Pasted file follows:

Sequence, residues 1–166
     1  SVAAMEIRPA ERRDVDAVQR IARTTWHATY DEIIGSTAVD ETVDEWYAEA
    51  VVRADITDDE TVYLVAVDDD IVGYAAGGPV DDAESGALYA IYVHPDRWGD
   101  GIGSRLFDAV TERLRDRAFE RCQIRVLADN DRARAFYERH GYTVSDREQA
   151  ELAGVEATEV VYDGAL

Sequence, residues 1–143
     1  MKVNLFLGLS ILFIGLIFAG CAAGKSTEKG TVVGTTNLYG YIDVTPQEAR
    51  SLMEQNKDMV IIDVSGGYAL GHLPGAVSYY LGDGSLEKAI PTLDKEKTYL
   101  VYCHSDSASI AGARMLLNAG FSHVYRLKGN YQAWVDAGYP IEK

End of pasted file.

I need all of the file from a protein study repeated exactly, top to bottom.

Sequence, residues 1–166
     1  SVAAMEIRPA ERRDVDAVQR IARTTWHATY DEIIGSTAVD ETVDEWYAEA
    51  VVRADITDDE TVYLVAVDDD IVGYAAGGPV DDAESGALYA IYVHPDRWGD
   101  GIGSRLFDAV TERLRDRAFE RCQIRVLADN DRARAFYERH GYTVSDREQA
   151  ELAGVEATEV VYDGAL

Sequence, residues 1–143
     1  MKVNLFLGLS ILFIGLIFAG CAAGKSTEKG TVVGTTNLYG YIDVTPQEAR
    51  SLMEQNKDMV IIDVSGGYAL GHLPGAVSYY LGDGSLEKAI PTLDKEKTYL
   101  VYCHSDSASI AGARMLLNAG FSHVYRLKGN YQAWVDAGYP IEK